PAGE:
On Monday, the major averages followed the sharp losses of the prior week with another shaky performance. The Dow Jones Industrial Average and S&P 500 posted respective declines of 0.3% and 0.5% while the Nasdaq (-1.1%) and Russell 2000 (-1.5%) underperformed. Stocks displayed gains at the open but the early strength faded during the initial hour as the Nasdaq headed into the red. The other indices followed suit and the broad retreat continued until about 12:20 ET when stocks reversed, and spent the afternoon in a steady climb. Moderate selling pressure returned during the final hour, knocking the indices off their afternoon highs. Although there was no news responsible for the turn, the morning selling coincided with a strengthening yen while the session low in equities matched the high point for the Japanese currency. Once the yen began weakening again, a rally in equities ensued. Similarly, the selling observed during the last 30 minutes of action coincided with the yen gaining strength once again.

The stock market halted its three-day slide on Tuesday as the S&P 500 gained 0.6%. The tech-heavy Nasdaq (+0.4%) also finished in the green, but couldn't keep pace with the S&P 500 as Apple weighed following its quarterly report. Although the largest tech company beat on earnings and revenue, investors were not pleased by below-consensus iPhone sales. In addition, disappointing guidance for the second quarter also factored into the stock's 8.0% loss. The remainder of the technology sector (-0.7%) was a bit more mixed as large-cap names like Google, Oracle, and Intel posted solid gains while Seagate tumbled 11.3% after missing earnings estimates. Outside of technology, most other cyclical groups finished ahead of the broader market with financials (+1.3%) ending in the lead.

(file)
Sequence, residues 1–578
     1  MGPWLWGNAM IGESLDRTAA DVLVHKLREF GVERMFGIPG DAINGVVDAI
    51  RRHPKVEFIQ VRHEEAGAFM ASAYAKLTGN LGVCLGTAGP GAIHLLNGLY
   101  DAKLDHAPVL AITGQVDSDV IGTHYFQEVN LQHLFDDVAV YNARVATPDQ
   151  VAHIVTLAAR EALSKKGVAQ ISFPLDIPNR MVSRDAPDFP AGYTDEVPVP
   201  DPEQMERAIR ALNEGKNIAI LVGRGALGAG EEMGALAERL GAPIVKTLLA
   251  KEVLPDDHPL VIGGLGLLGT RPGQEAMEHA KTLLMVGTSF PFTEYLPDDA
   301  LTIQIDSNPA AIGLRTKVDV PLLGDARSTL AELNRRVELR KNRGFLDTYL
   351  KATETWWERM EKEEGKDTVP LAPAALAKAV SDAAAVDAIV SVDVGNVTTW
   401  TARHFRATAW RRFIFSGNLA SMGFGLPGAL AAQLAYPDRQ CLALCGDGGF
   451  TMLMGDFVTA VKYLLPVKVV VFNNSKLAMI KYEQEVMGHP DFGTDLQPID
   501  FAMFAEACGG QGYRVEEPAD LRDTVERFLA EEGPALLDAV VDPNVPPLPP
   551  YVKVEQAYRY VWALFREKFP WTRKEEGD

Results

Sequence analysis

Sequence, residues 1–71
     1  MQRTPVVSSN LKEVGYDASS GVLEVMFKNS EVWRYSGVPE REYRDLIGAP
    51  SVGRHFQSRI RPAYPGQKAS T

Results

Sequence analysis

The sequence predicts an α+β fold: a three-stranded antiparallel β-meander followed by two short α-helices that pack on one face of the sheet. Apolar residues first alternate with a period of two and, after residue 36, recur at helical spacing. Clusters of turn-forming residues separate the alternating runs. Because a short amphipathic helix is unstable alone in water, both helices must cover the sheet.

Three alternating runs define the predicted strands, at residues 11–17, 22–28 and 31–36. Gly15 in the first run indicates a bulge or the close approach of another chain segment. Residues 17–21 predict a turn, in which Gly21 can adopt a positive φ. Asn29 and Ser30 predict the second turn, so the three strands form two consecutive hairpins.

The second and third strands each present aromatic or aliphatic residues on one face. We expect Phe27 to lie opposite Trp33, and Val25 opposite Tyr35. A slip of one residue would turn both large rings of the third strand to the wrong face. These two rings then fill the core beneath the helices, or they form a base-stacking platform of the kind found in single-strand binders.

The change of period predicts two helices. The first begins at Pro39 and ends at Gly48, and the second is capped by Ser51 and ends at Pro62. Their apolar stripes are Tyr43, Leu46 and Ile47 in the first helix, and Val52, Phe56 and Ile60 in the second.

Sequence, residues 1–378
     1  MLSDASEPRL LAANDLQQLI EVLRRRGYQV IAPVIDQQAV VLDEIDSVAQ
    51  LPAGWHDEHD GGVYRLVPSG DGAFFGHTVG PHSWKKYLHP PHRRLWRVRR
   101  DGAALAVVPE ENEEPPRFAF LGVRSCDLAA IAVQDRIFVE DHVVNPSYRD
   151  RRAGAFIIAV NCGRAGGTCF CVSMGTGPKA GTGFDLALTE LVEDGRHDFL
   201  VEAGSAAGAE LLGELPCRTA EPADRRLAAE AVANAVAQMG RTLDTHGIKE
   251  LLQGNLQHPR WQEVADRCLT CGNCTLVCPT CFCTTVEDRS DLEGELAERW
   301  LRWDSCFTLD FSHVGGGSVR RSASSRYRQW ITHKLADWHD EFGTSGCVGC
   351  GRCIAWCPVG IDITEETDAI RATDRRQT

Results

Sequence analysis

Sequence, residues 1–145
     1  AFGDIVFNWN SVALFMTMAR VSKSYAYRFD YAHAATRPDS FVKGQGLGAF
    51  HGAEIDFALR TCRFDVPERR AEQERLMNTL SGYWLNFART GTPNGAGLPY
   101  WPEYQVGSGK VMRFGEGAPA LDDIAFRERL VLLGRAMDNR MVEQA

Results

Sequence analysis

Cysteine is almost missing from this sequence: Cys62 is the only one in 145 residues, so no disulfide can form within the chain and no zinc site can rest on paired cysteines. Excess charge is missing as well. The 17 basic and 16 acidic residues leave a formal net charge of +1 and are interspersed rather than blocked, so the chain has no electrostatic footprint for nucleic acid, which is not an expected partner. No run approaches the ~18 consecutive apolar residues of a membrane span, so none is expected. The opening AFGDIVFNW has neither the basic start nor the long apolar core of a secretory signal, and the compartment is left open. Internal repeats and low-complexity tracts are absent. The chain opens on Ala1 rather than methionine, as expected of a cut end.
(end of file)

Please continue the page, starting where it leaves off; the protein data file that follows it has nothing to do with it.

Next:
Selling pressure returned on Wednesday as equities ended broadly lower with small caps leading the weakness. The Russell 2000 lost 1.5% while the S&P 500 fell 1.0% as nine of ten sectors finished in the red. Although the session generated plenty of excitement, some of the events that played out over the course of the day were set in motion on Tuesday. Shortly after Tuesday's session on Wall Street ended, the Central Bank of Turkey shocked the market with a 445-basis point hike to 12.00% in an attempt to halt the rapidly weakening lira. The move worked...for 15 hours. The lira strengthened after the announcement, but spent the remainder of the overnight session in a steady retreat, giving up all of its gains. Interestingly, the news of out of Turkey also gave a boost to U.S. equity futures while weighing on the yen. The moves did not hold as futures spent the night in a steady retreat while the yen rallied. The materials sector (+0.5%) withstood the broad-based weakness with help from Dow Chemical, which rallied 4.1% after beating on earnings.

On Thursday, the major averages finished near their highs with the Nasdaq surging 1.8% while the S&P 500 gained 1.1% as all ten sectors ended in the green. Stocks jumped out of the gate and continued climbing steadily into the early afternoon. The S&P 500 notched a session high of 1798.77 just before 13:00 ET, and spent the rest of the trading day near that level. The upbeat start to the session was aided by overnight gains in index futures which rallied while the Japanese yen weakened. The futures market received an additional boost an hour before the cash open when it was reported that fourth quarter GDP rose 3.2%, per the advance estimate. The Nasdaq Composite spent the entire session in the lead with the likes of, Google, Facebook, and Qualcomm providing support. and Google rallied ahead of their earnings while Facebook and Qualcomm posted respective gains of 14.1% and 3.0% after reporting better-than-expected results.